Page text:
By now they had left the populated area and were speeding across the countryside on a stretch of paved road that had not deteriorated yet. He noticed that he had drifted to the right side of the road again, but since no other cars were in sight, he made only a small correction to head back toward the left. “Is one of those places called Luknur?”

 “Yes, Luknur is a small village Zuftikhar suggested.”

 “I’ll bet they deal in computers there.”


 “When I reviewed the notes I found in Unman’s desk, there were a lot of things about computers.”

 “Yes, Papa says that Usman is going to put the business into the twenty-first century with his computers.”

 “Well, the name of that Afghan village is written several places in his notes about computers.”

 “Very well then, we will stop in Luknur on the way to Orgun.” Amna busied herself with the maps. Eventually she asked, “Mr. Cooper, are you hungry?”

 “Yes, do we have any food?”

 “Very little. Zuftikhar couldn’t very well pack lunch and tea for a trip to the museum.”

 “No, I guess not.”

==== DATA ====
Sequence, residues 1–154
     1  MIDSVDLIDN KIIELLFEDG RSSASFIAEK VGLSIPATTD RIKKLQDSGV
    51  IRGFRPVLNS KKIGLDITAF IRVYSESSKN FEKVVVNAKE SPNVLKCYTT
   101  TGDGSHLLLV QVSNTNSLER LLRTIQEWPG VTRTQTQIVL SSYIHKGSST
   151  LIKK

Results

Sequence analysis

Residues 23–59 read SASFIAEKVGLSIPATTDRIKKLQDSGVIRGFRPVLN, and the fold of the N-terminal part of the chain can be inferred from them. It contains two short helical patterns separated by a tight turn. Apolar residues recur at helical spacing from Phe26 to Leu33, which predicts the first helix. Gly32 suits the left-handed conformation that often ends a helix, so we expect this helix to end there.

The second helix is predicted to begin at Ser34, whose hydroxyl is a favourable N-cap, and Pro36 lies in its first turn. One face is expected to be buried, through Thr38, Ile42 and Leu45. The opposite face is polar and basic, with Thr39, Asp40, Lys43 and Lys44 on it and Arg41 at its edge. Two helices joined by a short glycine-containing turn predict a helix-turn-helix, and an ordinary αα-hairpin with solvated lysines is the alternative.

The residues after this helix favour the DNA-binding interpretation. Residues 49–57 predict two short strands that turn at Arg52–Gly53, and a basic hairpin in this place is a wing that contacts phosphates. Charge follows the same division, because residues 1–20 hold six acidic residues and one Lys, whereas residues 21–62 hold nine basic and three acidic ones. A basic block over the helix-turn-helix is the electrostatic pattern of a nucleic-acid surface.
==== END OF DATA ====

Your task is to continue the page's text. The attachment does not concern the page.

“He did manage to put several bottles of boiled water in the trunk. We probably should conserve them. I wouldn’t want either of us to get sick from drinking bad water or from dehydration either.” Amna thought for a moment. “Papa took us out this way on an outing last month. I think there’s a tourist house ahead where we can get food.”

 “Just tell me where to turn.”

 “Oh, don’t forget, you’re a driver. You shouldn’t come in with me. You’ll have to hang around with the houseboys. They’ll give you something to eat, but don’t drink anything except tea or very hot soup.”

 “Jim Crow laws,” muttered Ron.

 “What was that?”

 “It would take too long to explain.”

“I’ll have to show you where to stay and make arrangements for you. I guess since you’re supposed to be deaf and dumb, that won’t look too out of place.”

A cluster of buildings loomed up ahead. There was a large sign that Ron could not read. Ron would have mistaken the brick buildings for any country village except that the sides fronting the road were covered with brightly painted stucco.